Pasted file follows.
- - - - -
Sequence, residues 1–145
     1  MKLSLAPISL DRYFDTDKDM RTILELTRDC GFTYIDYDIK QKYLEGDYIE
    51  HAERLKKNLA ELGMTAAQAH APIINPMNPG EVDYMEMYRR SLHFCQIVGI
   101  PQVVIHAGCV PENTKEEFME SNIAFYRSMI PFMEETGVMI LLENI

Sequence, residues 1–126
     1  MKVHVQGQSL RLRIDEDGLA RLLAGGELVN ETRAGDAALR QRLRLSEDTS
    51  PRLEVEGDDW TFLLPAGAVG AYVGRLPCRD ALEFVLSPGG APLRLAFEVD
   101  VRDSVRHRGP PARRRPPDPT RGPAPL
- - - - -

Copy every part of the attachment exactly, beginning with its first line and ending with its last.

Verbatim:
Sequence, residues 1–145
     1  MKLSLAPISL DRYFDTDKDM RTILELTRDC GFTYIDYDIK QKYLEGDYIE
    51  HAERLKKNLA ELGMTAAQAH APIINPMNPG EVDYMEMYRR SLHFCQIVGI
   101  PQVVIHAGCV PENTKEEFME SNIAFYRSMI PFMEETGVMI LLENI

Sequence, residues 1–126
     1  MKVHVQGQSL RLRIDEDGLA RLLAGGELVN ETRAGDAALR QRLRLSEDTS
    51  PRLEVEGDDW TFLLPAGAVG AYVGRLPCRD ALEFVLSPGG APLRLAFEVD
   101  VRDSVRHRGP PARRRPPDPT RGPAPL